From the makers of the Netflix Fyre Fest documentary, Chris Smith and Jon Karmen, comes Operation Varsity Blues: The College Admissions Scandal. This new flick follows the 2019 FBI investigation into the college scandal which put actors Lori Loughlin and Felicity Huffman, and their families, at the forefront of a wealthy scheme.
The scheme uncovered over 50 dangerously-rich parents who paid “life coach” William ‘Rick’ Singer to cheat their children’s way into prestigious universities. Not only did the two actors, and many of the other people involved, get caught, fined and jailed, but it also hit a major restart button on their careers.
How was the Operation Varsity Blues documentary?
Operation Varsity Blues: The College Admissions Scandal is an easy watch for a documentary that highlights such a sleazy topic and group of people. It clocks in at an hour and 40 minutes and includes a thrilling reenactment with a script lifted directly from FBI wiretap transcripts.
In these reenactments, Stranger Things’ Matthew Modine delivers an incredible performance as Singer that accurately portrays the scammers’ actions and behaviors as utterly mind-boggling.
The documentary makes a hearty effort to offer commentary on the plaguing issues of education and wealth inequality and the mental tolls that college acceptances and standardized testing has on teenagers, however all of that takes a backseat to Singer’s dubious antics.
Modine plays Singer with a cold stare and an unwelcoming demeanor — over this portrayal comes the tidbits of knowledge and wisdom from interviewed participants: journalists, education consultants and university employees.
Who is Rick Singer?
Singer is described to be a failed sports coach who worked at both the high school and college level — and was found to be too volatile for these positions. It’s quickly said that he “knows college admission from the inside” which is what guided him through his row of scandals.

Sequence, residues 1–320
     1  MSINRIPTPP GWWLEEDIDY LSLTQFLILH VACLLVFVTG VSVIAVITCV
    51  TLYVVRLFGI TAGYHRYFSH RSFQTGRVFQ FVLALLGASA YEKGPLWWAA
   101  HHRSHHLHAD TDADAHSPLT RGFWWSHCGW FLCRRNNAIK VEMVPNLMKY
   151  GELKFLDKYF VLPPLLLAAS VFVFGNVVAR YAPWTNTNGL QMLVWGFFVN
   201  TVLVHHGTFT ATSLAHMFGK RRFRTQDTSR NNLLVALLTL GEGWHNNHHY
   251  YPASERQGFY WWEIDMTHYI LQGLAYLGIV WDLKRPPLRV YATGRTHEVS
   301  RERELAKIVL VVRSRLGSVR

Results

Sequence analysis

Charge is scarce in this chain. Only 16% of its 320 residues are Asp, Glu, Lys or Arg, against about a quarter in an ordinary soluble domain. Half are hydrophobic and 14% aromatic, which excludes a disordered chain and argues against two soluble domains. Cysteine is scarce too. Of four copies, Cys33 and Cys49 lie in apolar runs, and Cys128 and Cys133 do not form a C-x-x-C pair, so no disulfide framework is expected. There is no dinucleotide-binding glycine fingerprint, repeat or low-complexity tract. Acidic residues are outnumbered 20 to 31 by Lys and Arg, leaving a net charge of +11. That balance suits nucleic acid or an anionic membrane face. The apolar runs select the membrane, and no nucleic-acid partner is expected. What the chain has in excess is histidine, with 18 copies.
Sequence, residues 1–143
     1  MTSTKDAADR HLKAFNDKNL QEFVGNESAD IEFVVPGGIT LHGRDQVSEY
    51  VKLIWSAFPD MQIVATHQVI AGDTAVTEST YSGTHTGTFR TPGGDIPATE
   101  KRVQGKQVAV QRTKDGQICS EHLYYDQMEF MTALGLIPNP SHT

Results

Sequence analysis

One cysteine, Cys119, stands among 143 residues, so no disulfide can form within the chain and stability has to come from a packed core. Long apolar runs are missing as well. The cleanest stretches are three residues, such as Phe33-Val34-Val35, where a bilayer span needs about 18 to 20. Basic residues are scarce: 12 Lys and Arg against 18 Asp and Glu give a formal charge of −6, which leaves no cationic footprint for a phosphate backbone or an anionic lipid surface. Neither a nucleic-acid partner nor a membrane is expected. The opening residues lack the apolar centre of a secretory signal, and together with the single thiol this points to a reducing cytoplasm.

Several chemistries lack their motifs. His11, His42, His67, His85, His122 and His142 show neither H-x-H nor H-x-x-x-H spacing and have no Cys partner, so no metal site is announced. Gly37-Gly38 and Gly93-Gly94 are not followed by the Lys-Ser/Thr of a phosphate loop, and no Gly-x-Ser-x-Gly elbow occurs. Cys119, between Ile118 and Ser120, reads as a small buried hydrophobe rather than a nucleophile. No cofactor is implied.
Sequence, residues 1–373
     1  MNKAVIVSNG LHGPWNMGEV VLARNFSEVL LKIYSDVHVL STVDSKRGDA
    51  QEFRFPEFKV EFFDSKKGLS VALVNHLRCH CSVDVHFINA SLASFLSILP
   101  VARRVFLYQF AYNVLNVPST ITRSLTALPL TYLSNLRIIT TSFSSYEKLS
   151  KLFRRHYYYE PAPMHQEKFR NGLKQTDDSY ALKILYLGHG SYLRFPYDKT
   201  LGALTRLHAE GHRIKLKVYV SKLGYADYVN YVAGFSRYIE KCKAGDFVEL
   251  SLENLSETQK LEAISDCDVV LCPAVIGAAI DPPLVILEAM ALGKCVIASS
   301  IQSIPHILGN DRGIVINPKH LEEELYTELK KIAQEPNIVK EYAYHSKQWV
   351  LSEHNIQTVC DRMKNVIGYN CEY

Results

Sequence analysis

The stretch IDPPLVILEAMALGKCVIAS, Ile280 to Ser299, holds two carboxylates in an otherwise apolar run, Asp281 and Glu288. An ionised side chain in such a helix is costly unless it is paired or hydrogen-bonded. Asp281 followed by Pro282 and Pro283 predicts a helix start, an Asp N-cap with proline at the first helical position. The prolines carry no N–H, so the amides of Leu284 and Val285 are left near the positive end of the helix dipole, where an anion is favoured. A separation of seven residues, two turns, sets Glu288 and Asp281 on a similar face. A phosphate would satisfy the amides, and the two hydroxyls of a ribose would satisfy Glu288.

Singer was described as not being personable or charismatic. At one point, an interviewee stated that he lied for his applicants to receive affirmative action in college admissions, an example was mentioned where he changed a student’s race from white to Latino.
At this point, an interviewee expressed, “The more he got away with, the more he did it.”
His crimes, reduced to the simplest form, consisted of him opening a “side door” for parents to pay their children’s way into prestigious college programs. Singer began a long scam where he worked with athletic employees at top schools — the ones most highlighted were Yale, Standford and University of Southern California — and he’d make “large donations” and heavy recommendations in order to get mediocre students accepted into competitive programs.
He often had images of the students photoshopped into in-action sports images and he’d have the students admitted to the schools on the grounds of being a student-athlete — therefore surpassing many of the other academic and extracurricular requirements. It is thought that he made approximately $25 million in donations between the years 2011-2018.
Another hustle he pulled was faking SAT scores. To do this, he paid Harvard alum Mark Riddel to pretend to be a test proctor. After the client was done taking the test, Riddel would simply correct the answers — “by memory” some tried to brag, however a savage interviewee pointed out, “he’s a college graduate taking a test made for an eleventh grader” it’s not too impressive.
Operation Varsity Blues doesn’t do much to persuade or inform its audience beyond a deep dive into Singer’s history. It strays away from the abusers of the scam and the scandalous celebrity drama that followed. It’s debatable over whether or not taking a different perspective was beneficial for the documentary, as while it did talk about the scandal in great depth, it didn’t challenge any conventional beliefs— rich people are slimy and smarmy and they often get away with things until they turn against each other.
It’s a gross power structure, however unscathed remains the most accessible victimizers, Loughlin and Huffman who both received reduced sentences (compared to sentences assigned to people of lower-class with comparison offenses) and have quickly found their way back to their normal lives.
Boiled down, Operation Varsity Blues: The College Admissions Scandal is simply “The Rick Singer Show” and it takes an entertaining yet skin-crawly look into why and how he committed such high accounts of fraud.
This documentary is a “done deal,” in the sense that the story is wild-enough to easily entertain the masses. However, it’s a great disappointment that it didn’t try to be anything more — and it didn’t commit to offering a more impactful punch when it comes to “higher education becoming a commodity” (as briefly mentioned by interviewee Jon Redier, who is an education consultant).
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Operation Varsity Blues: The College Admissions Scandal is streaming on Netflix starting March 17.
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